At the height of troubadour poetry (the "classical period"), troubadours are often found attacking jongleurs and at least two small genres arose around the theme: the ensenhamen joglaresc and the sirventes joglaresc. These terms are debated, however, since the adjective joglaresc would seem to imply "in the manner of the jongleurs". Inevitably, however, pieces of said genres are verbal attacks at jongleurs, in general and in specific, with named individuals being called out. It is clear, for example from the poetry of Bertran de Born, that jongleurs were performers who did not usually compose and that they often performed the troubadour's songs: singing, playing instruments, dancing, and even doing acrobatics.
In the late thirteenth century Guiraut Riquier bemoaned the inexactness of his contemporaries and wrote a letter to Alfonso X of Castile, a noted patron of literature and learning of all kinds, for clarification on the proper reference of the terms trobador and joglar. According to Riquier, every vocation deserved a name of its own and the sloppy usage of joglar assured that it covered a multitude of activities, some which, no doubt, Riquier did not wish to be associated. In the end Riquier argued—and Alfonso X seems to agree, though his "response" was probably penned by Riquier—that a joglar was a courtly entertainer (as opposed to popular or low-class one) and a troubadour was a poet and composer.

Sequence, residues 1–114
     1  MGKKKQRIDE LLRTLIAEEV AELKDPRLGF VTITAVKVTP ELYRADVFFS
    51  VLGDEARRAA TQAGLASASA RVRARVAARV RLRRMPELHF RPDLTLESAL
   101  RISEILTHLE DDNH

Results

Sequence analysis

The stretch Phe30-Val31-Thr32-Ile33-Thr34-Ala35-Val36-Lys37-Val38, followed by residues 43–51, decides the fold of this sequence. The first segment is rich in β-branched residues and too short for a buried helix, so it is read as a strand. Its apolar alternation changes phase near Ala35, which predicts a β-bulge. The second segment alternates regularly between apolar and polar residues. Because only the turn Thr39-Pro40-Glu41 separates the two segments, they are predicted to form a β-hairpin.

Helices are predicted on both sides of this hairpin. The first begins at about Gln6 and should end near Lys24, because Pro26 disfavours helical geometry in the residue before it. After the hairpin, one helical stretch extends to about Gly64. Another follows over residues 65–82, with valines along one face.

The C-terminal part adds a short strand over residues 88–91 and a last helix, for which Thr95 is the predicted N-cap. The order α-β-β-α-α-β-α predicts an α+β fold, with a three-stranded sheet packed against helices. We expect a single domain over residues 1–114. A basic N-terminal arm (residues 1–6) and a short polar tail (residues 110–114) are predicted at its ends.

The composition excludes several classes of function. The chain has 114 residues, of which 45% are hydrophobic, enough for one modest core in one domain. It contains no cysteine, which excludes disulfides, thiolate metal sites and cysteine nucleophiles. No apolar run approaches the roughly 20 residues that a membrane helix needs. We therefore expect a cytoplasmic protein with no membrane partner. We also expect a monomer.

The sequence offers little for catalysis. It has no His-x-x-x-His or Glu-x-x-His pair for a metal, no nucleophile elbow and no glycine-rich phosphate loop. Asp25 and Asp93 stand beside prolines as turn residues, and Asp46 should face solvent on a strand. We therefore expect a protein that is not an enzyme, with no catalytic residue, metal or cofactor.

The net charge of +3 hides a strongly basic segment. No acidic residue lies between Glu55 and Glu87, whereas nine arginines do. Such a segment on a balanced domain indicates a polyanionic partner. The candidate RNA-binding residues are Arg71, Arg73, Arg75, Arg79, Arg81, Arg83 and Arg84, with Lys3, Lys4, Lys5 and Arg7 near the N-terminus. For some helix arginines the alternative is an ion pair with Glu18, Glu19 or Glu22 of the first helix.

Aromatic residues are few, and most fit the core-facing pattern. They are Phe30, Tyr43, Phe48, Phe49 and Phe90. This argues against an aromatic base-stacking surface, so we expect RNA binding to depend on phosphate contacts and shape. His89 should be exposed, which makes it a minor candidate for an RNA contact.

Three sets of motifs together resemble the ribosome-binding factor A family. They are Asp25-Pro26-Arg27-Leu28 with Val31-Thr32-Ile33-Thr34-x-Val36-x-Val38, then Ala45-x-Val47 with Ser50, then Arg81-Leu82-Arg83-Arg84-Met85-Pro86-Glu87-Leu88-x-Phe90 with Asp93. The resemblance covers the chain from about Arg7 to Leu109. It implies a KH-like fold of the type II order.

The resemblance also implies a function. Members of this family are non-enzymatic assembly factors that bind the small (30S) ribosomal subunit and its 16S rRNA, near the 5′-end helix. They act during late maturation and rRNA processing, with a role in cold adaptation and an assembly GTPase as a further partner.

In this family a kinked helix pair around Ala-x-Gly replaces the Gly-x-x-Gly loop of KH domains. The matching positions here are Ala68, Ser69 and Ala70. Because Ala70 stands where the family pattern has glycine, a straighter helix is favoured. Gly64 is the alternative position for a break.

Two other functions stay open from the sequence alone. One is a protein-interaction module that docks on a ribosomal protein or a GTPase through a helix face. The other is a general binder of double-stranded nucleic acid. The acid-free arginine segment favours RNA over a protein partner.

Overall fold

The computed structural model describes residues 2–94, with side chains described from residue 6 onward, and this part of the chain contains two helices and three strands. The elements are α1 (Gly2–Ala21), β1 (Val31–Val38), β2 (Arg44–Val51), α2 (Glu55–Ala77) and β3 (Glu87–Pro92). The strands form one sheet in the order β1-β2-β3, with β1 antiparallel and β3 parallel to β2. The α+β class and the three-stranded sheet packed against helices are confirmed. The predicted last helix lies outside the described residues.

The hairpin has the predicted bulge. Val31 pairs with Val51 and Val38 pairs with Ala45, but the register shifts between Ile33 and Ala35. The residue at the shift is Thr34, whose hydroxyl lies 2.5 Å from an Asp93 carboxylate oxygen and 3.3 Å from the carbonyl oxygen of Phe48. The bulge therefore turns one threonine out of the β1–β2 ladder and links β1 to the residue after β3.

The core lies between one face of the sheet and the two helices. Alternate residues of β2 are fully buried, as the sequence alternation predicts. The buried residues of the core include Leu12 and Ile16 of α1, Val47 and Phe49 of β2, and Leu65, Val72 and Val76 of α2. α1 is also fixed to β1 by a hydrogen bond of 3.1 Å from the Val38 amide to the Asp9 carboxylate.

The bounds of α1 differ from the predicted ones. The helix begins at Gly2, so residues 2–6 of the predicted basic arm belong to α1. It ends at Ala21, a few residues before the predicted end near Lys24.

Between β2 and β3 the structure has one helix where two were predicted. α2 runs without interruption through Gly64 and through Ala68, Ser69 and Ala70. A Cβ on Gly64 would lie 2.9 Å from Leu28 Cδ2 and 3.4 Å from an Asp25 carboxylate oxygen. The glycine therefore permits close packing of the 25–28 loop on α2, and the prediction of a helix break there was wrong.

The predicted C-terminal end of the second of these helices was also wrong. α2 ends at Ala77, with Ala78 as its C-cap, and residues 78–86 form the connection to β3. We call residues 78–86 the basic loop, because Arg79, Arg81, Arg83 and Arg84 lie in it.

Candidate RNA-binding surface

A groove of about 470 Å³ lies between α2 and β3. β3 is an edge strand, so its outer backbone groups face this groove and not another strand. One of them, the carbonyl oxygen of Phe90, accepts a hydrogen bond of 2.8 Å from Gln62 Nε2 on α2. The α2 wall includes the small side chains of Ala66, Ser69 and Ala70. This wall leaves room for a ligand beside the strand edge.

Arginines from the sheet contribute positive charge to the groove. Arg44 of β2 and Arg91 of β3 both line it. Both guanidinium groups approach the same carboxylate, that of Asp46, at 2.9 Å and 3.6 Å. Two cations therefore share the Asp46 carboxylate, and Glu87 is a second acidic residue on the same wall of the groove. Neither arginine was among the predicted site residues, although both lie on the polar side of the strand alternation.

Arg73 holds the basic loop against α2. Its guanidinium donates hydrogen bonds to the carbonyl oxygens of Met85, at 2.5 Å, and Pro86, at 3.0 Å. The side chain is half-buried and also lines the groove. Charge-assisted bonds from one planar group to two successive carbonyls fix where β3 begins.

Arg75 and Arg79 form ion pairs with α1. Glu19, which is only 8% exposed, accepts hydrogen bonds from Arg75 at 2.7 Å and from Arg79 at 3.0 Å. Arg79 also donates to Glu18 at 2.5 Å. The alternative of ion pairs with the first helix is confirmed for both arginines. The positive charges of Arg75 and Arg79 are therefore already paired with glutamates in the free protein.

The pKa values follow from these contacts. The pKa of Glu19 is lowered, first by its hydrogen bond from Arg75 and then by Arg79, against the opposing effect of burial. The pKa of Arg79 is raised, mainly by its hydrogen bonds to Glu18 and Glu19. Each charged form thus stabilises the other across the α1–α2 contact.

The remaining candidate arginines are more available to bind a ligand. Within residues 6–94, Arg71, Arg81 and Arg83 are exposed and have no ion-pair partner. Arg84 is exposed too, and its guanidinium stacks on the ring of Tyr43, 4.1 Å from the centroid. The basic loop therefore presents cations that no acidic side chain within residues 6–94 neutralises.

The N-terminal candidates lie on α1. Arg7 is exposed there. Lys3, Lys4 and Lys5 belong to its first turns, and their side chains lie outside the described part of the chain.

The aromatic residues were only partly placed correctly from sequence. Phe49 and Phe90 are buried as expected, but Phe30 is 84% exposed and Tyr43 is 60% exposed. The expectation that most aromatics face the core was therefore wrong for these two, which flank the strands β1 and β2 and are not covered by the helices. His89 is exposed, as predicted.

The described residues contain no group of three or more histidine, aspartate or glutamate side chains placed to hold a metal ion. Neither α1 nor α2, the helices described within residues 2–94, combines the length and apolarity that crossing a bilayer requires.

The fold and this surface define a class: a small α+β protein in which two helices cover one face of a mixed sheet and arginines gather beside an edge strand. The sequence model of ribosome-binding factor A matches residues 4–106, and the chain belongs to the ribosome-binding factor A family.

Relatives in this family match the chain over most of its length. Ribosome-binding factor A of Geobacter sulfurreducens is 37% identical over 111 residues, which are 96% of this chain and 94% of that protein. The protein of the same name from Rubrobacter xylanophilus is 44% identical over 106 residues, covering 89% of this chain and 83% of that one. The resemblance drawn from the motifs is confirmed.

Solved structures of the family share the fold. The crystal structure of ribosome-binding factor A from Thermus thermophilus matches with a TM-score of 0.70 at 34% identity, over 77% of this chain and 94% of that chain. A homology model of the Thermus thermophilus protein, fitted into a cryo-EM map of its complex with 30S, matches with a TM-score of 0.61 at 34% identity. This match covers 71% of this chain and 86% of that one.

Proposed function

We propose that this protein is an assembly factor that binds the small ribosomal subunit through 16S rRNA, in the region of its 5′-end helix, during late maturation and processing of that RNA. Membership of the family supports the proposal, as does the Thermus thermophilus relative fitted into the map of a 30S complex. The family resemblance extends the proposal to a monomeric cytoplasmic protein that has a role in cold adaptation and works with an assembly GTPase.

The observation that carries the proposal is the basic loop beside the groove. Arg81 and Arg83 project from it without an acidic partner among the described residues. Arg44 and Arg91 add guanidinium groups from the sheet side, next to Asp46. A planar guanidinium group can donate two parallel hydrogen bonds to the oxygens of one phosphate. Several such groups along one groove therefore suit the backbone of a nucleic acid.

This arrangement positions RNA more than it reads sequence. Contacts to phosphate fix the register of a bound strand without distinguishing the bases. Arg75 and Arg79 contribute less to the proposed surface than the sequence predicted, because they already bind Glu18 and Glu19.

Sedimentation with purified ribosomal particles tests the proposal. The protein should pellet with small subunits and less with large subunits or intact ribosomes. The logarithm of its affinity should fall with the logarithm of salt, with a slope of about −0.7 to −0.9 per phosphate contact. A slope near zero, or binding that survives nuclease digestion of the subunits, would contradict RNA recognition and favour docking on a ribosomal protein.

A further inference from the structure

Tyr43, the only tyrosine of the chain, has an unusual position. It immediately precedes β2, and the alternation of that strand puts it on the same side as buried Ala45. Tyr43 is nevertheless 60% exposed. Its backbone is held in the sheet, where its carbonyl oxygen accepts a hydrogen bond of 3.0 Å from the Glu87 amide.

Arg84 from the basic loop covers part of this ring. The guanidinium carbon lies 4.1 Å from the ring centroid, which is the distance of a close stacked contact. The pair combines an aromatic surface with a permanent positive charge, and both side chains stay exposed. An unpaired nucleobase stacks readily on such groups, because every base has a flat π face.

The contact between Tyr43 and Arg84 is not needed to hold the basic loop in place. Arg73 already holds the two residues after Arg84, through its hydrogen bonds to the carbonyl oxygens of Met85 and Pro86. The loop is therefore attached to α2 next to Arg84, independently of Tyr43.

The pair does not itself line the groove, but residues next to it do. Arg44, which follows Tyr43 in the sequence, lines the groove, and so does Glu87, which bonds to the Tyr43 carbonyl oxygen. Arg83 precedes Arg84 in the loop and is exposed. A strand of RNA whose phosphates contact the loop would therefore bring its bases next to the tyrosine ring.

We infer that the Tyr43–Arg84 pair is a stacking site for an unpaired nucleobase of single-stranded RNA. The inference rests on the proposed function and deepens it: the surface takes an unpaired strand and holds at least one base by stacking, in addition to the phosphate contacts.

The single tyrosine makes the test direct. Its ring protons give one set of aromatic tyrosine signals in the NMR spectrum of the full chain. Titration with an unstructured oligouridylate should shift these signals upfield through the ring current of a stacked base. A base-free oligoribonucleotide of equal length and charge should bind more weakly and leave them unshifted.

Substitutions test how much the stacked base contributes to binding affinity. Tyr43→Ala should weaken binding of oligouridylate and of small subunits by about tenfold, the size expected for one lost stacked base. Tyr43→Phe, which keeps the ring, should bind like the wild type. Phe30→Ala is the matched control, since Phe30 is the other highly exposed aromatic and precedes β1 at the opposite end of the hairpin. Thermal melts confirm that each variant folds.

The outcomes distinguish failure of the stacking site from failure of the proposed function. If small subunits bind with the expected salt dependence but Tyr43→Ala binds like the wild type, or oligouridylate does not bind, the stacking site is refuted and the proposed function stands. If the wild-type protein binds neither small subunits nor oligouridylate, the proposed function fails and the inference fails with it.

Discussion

Vidas and razos


A phenomenon arose in Italy, recognised around the turn of the twentieth-century by Giulio Bertoni, of men serving in several cities as podestàs on behalf of either the Guelph or Ghibelline party and writing political verse in Occitan rhyme. These figures generally came from the urban middle-class. They aspired to high culture and though, unlike the nobility, they were not patrons of literature, they were its disseminators and its readers.
The first podestà-troubadour was Rambertino Buvalelli, possible the first native Italian troubadour, who was podestà of Genoa between 1218 and 1221. Rambertino, a Guelph, served at one time or another as podestà of Brescia, Milan, Parma, Mantua, and Verona. It was probably during his three-year tenure there that he introduced Occitan lyric poetry to the city, which was later to develop a fluorishing Occitan literary culture.